Newsom has five women and two men on his seven-person lieutenant governor staff, according to data provided by his office. While the men are paid more on average — $8,586 a month vs. $6,329 — that disparity can be explained by differences in job role, as one of the men is Newsom’s chief of staff. A female staffer is paid more than a man in the only job where people of both genders share a title.
On the campaign side, women are paid more than men by at least three of the Democratic campaigns, according to data released by their staffs. (Villaraigosa’s campaign did not release average salary numbers by gender.)
That trend “is somewhat surprising and probably shows a concerted effort by the campaigns,” Nalder said. “Politics is traditionally fairly male-dominated.”
Data from San Francisco and Los Angeles also suggests that Newsom and Villaraigosa promoted gender equity when they served as mayors — in their last years in office, near or more than half of the top 50 highest-paid employees in their offices were female. Both also promoted women to other high-level positions, including Newsom’s choice of the first female police and fire chiefs in San Francisco.
In comparison, only three members of President Trump’s 16-person cabinet are women.
Meanwhile, the two GOP candidates for the governor’s mansion rejected the hiring equity pledge. Cox, who is in second place in recent polls, “doesn’t believe in quotas but does believe in equal pay for equal work,” said spokesman Matt Shupe.
Allen said in a statement that he was “confident that there will be many great men and women in our administration from every walk of life — but it will not be because we are filling a quota.”
Neither Republican campaign released statistics about their gender-equity numbers. Citing quotas is “the traditional pushback” to policies promoting gender equity or race-based affirmative action, Nalder argued.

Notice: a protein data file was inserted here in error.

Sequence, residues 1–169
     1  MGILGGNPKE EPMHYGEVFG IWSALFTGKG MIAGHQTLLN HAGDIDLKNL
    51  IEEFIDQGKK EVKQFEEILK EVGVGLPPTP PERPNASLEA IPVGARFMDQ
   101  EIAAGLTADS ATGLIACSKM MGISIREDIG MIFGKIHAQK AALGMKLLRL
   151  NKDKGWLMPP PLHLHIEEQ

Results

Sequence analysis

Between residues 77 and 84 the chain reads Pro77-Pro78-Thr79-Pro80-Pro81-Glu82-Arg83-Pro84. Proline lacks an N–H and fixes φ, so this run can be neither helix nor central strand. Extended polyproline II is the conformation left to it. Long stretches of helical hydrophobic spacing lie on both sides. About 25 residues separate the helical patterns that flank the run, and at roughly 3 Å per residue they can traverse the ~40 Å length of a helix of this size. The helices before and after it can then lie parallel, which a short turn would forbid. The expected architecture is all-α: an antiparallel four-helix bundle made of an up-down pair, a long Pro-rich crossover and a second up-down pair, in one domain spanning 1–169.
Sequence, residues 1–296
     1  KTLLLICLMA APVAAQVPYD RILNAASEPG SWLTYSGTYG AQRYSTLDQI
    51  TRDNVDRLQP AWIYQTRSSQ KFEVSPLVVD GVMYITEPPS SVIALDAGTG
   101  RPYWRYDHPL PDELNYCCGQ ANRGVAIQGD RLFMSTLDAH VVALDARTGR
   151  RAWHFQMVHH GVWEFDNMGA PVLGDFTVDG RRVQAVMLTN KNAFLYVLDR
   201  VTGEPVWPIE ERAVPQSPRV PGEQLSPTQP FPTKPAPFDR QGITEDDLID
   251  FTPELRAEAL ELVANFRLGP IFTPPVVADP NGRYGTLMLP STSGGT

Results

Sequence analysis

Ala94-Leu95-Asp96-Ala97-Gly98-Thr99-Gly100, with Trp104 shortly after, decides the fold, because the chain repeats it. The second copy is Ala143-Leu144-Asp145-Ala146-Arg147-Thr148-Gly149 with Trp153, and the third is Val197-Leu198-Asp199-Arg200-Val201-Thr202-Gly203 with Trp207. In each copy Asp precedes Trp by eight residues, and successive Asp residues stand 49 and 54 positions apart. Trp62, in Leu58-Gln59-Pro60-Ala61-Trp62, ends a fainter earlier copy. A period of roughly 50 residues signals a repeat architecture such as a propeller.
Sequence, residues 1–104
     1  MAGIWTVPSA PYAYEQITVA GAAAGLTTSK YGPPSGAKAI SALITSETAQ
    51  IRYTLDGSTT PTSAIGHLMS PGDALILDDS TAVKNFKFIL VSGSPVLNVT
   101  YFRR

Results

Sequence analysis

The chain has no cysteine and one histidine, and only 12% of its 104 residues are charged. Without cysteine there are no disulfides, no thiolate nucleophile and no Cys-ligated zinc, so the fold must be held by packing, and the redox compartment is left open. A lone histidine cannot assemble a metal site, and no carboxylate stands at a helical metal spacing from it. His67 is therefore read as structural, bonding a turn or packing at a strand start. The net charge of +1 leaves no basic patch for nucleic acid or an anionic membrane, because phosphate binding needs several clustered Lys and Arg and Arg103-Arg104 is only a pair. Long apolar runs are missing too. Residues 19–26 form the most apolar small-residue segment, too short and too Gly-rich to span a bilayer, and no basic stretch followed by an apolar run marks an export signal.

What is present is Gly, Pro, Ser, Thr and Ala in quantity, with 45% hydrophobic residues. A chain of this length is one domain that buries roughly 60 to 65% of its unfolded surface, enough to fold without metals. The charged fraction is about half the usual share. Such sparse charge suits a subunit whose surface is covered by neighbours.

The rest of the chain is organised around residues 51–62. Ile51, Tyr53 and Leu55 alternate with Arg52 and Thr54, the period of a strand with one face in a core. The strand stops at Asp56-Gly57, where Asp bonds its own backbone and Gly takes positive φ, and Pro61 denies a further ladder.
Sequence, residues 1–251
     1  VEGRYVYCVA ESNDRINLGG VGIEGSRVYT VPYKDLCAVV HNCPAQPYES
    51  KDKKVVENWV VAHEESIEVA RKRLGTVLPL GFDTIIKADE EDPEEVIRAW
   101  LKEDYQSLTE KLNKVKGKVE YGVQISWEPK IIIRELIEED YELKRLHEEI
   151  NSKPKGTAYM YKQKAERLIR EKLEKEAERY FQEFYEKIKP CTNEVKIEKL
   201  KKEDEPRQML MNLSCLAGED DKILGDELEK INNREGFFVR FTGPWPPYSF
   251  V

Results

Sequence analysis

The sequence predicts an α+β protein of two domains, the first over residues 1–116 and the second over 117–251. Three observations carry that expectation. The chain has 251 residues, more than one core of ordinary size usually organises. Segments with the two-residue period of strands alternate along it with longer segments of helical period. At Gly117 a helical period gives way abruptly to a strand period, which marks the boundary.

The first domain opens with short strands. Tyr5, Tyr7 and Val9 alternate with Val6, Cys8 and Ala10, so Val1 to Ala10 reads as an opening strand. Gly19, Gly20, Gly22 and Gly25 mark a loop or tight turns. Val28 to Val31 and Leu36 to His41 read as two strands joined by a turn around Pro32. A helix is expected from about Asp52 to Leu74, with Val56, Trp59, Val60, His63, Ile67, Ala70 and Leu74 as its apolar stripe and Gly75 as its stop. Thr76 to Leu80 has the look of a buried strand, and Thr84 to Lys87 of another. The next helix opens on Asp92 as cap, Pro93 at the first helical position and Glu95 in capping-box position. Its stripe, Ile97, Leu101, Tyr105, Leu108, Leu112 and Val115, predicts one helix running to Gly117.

The office of Gov. Brown says he already has a strong record on the issue. Just over half of his current appointees to state government, 50.76 percent, are women, according to data released by Brown’s office. His top three advisers were all women — executive secretary Nancy McFadden passed away in March — although seven of the 11 cabinet secretaries leading major departments are men.
“Whichever candidate succeeds the governor will have big shoes to fill in terms of workplace representation,” said Brown spokesman Brian Ferguson.
While governors can set hiring and pay policies for their own staff and name appointees across the state government, they don’t have as much power to directly tackle the longstanding pay inequities among the broader state workforce. A 2016 report found that female state employees earned 79.5 cents for every dollar earned by male employees, although much of that disparity comes from lower salaries guaranteed in contracts for female-dominated jobs such as nurses, compared to male-dominated jobs, such as highway patrol officers.
(c)2018 the Contra Costa Times (Walnut Creek, Calif.)